Elizabeth Patterson

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Elizabeth Patterson

Also Known As: "Betsy", "Элизабет Паттерсон"
Birthdate:
Birthplace: Baltimore, Maryland, USA
Death: Died in Baltimore, Maryland, USA
Immediate Family:

Daughter of William Patterson and Dorcas Patterson
Ex-wife of Jérôme Napoléon Bonaparte, König von Westphalen
Mother of Jérôme Napoléon Bonaparte
Sister of Elizabeth Moore; Robert Patterson and Edward Patterson

Occupation: American Socialite
Managed by: Private User
Last Updated:

About Elizabeth Patterson

Elizabeth Patterson Bonaparte (Baltimore, Maryland, 6 February 1785 - Baltimore, Maryland, 4 April 1879), known as "Betsy", was the daughter of a Baltimore, Maryland merchant, and was the first wife of Jérôme Bonaparte, and sister-in-law of Emperor Napoleon I of France. Elizabeth's father, William Patterson, had been born in Ireland and came to North America prior to the American Revolutionary War. He was a Catholic, and the wealthiest man in Maryland after Charles Carroll of Carrollton, a signer of the United States Declaration of Independence.

http://en.wikipedia.org/wiki/Elizabeth_Patterson_Bonaparte

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her marriage to Jerome Bonapart was annuled --------------------

Elizabeth Patterson Bonaparte

Elizabeth Patterson Bonaparte (6 February 1785 – 4 April 1879), known as "Betsy", was the daughter of a Baltimore, Maryland merchant, and was the first wife of Jérôme Bonaparte, and sister-in-law of Emperor Napoleon I of France.

Marriage

Elizabeth and Jérôme Bonaparte were married on December 24, 1803, at a ceremony presided over by John Carroll, the Archbishop of Baltimore. Betsy quickly became known for her risqué taste in fashion, starting with her wedding dress.

Jérôme's brother Napoleon ordered his brother back to France and demanded that the marriage be annulled. Jérôme ignored Napoleon's initial demand that he return to France without his wife.

European visits

In the fall of 1804, Jérôme and a pregnant Betsy attempted to travel to France in time for his brother's coronation, but a number of false starts delayed them. When they finally arrived, Elizabeth was denied permission to set foot in continental Europe by order of Napoleon. Jérôme traveled to Italy in an attempt to reason with his brother, writing to his wife, "My dearest Elsa, I will do everything that must be done," but she would never see him again, except for a brief eye-to-eye contact in 1817. After remaining in limbo, unable to disembark in either France or the Netherlands, she gave birth to a son on July 7, 1805, at 95 Camberwell Grove, Camberwell, London. Jérôme gave in to his brother, returned to the French Navy, and married the German princess Catharina of Württemberg on 22 August 1807 in the Royal Palace at Fontainebleau, France. (His marriage to "dearest Elsa" had not yet been dissolved.)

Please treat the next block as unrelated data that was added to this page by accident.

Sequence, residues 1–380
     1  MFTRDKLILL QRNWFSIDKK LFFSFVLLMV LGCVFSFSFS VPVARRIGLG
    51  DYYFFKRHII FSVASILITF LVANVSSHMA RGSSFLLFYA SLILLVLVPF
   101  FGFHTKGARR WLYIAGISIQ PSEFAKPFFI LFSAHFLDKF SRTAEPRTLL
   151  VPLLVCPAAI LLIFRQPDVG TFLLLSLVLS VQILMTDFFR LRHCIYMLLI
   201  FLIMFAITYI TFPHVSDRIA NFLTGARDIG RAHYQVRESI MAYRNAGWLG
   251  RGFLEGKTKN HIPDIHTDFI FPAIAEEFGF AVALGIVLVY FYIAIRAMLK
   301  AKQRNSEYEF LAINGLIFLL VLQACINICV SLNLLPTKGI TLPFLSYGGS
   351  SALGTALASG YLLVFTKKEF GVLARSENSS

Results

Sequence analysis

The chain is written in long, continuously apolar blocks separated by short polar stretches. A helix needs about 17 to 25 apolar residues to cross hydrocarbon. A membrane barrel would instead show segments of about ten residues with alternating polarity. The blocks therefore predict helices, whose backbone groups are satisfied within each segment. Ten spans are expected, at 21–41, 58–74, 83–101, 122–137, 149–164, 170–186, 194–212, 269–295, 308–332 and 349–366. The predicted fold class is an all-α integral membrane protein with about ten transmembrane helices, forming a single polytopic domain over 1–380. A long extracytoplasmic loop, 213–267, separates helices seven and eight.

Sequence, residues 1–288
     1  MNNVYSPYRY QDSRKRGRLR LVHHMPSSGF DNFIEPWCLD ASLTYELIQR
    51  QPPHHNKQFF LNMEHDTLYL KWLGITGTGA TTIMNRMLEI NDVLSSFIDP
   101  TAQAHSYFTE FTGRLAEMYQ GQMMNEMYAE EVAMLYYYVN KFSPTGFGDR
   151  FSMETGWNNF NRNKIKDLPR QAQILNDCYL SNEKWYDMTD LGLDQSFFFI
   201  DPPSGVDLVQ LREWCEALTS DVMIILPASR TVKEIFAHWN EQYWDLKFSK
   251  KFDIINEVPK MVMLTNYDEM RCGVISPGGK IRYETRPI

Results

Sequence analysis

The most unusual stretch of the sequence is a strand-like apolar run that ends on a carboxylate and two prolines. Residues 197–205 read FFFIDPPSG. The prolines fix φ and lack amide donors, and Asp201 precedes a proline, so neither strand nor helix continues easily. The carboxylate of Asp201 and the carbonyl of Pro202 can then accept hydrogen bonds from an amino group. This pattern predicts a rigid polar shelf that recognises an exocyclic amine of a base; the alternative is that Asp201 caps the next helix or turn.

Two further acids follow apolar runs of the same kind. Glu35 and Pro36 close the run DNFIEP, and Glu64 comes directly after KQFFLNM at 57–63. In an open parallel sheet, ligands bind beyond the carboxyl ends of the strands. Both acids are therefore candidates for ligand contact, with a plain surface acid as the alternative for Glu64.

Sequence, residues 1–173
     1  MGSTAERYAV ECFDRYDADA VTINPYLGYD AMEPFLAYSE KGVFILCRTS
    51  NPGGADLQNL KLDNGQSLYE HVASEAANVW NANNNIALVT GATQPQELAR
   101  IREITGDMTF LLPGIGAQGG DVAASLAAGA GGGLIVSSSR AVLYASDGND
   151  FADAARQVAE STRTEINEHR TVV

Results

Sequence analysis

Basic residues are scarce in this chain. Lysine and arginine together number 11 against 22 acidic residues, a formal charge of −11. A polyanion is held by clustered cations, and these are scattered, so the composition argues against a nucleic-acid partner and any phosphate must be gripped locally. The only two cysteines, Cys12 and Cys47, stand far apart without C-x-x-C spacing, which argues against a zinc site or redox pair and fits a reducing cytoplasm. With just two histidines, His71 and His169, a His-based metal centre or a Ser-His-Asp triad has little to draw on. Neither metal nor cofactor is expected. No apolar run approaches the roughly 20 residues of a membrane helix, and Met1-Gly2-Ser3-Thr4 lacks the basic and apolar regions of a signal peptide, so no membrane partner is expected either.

Betsy returned to Baltimore with her son, Jerome Napoleon Bonaparte, called "Bo" by his mother, and lived with her father while she continued to flaunt her royal connection and skimpy attire. After the Battle of Waterloo, she returned to Europe where she was well received in the most exclusive circles and much admired for her beauty and wit.

Divorce and last years

In 1815, by special Act of the Legislature of Maryland, she secured a divorce. Her last years were spent in Baltimore in the management of her estate, the value of which she increased to $1.5 million. Betsy died in the midst of a court battle over whether the state of Maryland could tax her out-of-state bonds. The case reached the Supreme Court (Bonaparte v. Tax Court, 104 U.S. 592). The Court decided in favor of Maryland.She is buried in the Greenmount Cemetery, Baltimore, Maryland.

Ironically, Betsy's brother's widow, Marianne (Caton) Patterson, married Richard Wellesley, 1st Marquess Wellesley, older brother of Arthur Wellesley, 1st Duke of Wellington. Another brother, Edward Patterson, was the owner of Joppa Iron Works in Eastern Baltimore County, MD.

The story of Elizabeth and Jérôme's marriage and annulment is the basis for the 1908 play Glorious Betsy by Rida Johnson Young and the two film adaptations, Glorious Betsy (1928) and Hearts Divided (1936). She was portrayed by Dolores Costello in the former and by Marion Davies in the latter. The episode "Duty" of the Hornblower television series features Elizabeth and Jérôme trying to land in France and the diplomatic difficulties. A historical novel about her life, "The Ambitious Madame Bonaparte" by Ruth Hull Chatlien, was published in 2013.

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Elizabeth Patterson's Timeline

1785
February 6, 1785
Baltimore, Maryland, USA
1803
December 24, 1803
Age 18
United States of America
1805
March 11, 1805
Age 20
July 7, 1805
Age 20
Camberwell, Greater London, United Kingdom
1815
1815
- 1840
Age 29
1879
April 4, 1879
Age 94
Baltimore, Maryland, USA
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